The hard part is ensuring that the deliverables match the level of quality that you expect and need to generate a return on investment. 

If you have to spend so much time editing that you might as well rewrite it, then the deliverable isn’t worth the investment and, thus, you should reconsider the relationship. 

On the other hand, you may have a vendor who goes above and beyond: 

  • They leverage your subject matter expertise in the content through interviews and early-stage feedback
  • They heavily research your industry
  • They constantly look at what’s performing well and base their decisions on what your audience is actually interested in

When you invest in audience-focused content, the natural result should be a boost in your KPIs, particularly the ones surrounding audience growth. 

Thanks to Google Analytics and similar tools, plus all your social media data, tracking your audience growth should be a fairly easy exercise.

Here are some of the top KPIs to consider and the key questions they answer about your content vendor’s performance:

  • Pageviews. Are they increasing the engagement of your current audience
  • First-time vs. returning users. Are they growing your audience by bringing in new users?
  • Bounce rate. Are they enticing people to view more content on your website?
  • Exit rate. Are they sending people away from your site?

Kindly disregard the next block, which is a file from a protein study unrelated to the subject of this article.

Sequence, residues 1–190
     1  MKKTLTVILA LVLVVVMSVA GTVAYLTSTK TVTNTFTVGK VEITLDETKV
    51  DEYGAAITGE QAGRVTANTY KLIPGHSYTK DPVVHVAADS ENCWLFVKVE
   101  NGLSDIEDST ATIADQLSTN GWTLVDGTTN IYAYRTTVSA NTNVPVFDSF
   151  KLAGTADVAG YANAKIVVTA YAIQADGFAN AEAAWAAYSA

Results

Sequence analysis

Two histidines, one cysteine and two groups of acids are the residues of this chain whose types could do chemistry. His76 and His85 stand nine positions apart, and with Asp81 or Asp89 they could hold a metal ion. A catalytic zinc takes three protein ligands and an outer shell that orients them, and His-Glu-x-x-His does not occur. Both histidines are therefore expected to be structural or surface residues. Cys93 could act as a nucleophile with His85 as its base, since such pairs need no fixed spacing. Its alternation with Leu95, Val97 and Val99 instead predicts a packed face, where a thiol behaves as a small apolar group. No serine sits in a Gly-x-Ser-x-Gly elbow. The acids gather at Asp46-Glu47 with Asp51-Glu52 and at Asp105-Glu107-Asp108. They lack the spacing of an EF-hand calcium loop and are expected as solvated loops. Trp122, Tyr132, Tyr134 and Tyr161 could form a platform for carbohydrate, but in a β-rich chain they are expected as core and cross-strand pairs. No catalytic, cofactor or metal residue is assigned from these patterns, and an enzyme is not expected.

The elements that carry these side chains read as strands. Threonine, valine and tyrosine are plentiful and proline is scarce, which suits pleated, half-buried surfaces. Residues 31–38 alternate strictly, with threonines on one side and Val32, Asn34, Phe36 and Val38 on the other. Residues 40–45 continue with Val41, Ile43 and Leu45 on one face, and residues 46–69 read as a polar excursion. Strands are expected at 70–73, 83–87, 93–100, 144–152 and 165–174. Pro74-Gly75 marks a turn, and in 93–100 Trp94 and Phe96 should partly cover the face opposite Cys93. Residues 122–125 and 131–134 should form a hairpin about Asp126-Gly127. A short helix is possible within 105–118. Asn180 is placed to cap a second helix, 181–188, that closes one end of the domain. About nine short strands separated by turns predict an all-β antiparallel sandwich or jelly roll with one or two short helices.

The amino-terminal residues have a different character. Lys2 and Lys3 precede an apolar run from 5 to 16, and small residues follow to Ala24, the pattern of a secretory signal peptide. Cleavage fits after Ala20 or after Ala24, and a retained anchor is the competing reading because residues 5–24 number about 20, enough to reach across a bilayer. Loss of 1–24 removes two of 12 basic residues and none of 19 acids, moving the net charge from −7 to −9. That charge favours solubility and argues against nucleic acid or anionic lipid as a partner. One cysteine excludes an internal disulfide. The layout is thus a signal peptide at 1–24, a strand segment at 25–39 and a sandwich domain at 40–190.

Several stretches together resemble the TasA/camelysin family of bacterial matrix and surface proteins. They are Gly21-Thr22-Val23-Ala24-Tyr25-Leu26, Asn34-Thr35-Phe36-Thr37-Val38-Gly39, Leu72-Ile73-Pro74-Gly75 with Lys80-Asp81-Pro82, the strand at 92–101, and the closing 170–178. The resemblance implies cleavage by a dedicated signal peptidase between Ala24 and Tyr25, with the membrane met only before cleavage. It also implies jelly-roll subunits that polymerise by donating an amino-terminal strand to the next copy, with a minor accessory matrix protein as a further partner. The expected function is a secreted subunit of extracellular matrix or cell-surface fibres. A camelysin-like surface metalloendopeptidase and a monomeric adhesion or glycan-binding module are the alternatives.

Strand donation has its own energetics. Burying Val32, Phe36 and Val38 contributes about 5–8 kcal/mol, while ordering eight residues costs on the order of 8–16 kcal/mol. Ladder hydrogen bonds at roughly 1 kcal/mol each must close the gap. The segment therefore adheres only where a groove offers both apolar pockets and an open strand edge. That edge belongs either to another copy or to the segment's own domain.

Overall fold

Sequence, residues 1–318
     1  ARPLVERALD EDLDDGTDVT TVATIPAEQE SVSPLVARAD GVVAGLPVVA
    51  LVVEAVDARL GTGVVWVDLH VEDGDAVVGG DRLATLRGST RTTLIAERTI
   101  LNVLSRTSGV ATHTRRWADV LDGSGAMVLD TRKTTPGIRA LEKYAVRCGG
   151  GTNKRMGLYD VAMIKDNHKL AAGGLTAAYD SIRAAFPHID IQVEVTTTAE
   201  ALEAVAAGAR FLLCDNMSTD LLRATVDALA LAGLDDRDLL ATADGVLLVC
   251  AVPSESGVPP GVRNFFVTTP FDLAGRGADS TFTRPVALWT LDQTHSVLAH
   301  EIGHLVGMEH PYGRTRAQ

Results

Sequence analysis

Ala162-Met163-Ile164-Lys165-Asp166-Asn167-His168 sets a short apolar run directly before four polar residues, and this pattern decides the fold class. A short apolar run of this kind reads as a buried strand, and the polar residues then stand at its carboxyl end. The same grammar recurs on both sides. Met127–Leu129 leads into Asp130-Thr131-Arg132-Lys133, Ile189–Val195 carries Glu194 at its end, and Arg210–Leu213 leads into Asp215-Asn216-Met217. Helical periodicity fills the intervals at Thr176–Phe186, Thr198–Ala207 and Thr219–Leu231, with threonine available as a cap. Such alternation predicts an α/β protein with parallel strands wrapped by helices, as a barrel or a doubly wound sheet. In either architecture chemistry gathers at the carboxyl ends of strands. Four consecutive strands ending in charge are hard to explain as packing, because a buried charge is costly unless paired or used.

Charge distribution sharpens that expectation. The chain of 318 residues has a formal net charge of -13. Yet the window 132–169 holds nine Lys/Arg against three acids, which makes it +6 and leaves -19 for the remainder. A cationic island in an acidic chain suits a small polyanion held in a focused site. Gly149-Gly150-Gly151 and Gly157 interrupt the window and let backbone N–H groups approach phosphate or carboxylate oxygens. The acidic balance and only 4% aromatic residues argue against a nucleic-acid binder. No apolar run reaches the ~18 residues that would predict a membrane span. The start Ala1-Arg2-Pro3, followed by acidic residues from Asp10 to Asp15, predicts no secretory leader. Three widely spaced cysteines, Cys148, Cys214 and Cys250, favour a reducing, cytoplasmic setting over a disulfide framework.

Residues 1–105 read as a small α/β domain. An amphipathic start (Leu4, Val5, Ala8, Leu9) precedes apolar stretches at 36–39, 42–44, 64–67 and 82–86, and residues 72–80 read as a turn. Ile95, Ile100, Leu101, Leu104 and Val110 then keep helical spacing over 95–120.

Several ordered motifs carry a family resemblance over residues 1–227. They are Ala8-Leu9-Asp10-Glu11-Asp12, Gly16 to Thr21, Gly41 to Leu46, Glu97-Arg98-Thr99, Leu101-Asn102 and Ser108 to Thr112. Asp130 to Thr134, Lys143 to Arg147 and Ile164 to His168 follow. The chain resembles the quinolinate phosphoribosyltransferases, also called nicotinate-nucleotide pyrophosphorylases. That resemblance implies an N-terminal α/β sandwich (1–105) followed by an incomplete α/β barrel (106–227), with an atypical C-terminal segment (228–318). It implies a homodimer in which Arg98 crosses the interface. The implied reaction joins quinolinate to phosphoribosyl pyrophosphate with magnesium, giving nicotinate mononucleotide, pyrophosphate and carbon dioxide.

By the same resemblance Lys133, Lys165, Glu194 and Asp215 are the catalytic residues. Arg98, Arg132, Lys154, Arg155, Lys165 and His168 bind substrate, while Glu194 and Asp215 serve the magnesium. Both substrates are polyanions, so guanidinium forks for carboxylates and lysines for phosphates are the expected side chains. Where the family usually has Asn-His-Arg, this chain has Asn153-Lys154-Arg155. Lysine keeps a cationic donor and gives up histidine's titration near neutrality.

• Time on page. Are they engaging an audience who spends time reading or watching your content?
  • Social media followers. How many people have decided they like your content enough to put it in their news feeds?
  • Social media reach/impressions. How many people are your posts actually reaching? 
  • Social media engagement. What level of response is the content getting from your audience?
  • Attributed revenue. If ROI is the goalpost, then you should know how much revenue a particular piece of content is bringing in. Even if you don’t get the full picture from your revenue attribution model, you can see its performance relative to other pieces of content and to itself over time. 
  • Conversions & conversion value. In addition to the attributed revenue, it’s important to note how many leads a piece of content is bringing in. While not all these conversions are going to turn into revenue, if a particular piece of content is converting at a lower rate than others, you know it’s not attracting the right audience and you should probably not use it as a blueprint for future content. 
  • Search engine rankings. How you rank on search engines not only drives the three aforementioned metrics, but it shows how much authority your website holds and how helpful search engines think you are to the questions your audience is asking. It’s one objective way of answering a subjective question: how are people perceiving us in the market?

Many companies look up industry benchmarks to figure out how they should be performing. There are several weaknesses to this approach. 

First, industry benchmarks are constantly changing. 

Second, your audiences should be segmented enough that each one is fairly niche, making general industry benchmarks unhelpful. 

Third, when you’re in the startup phase, you aren’t going to compare to a large company, so you need to develop a clear idea of what’s working and what’s not for your own audience and business.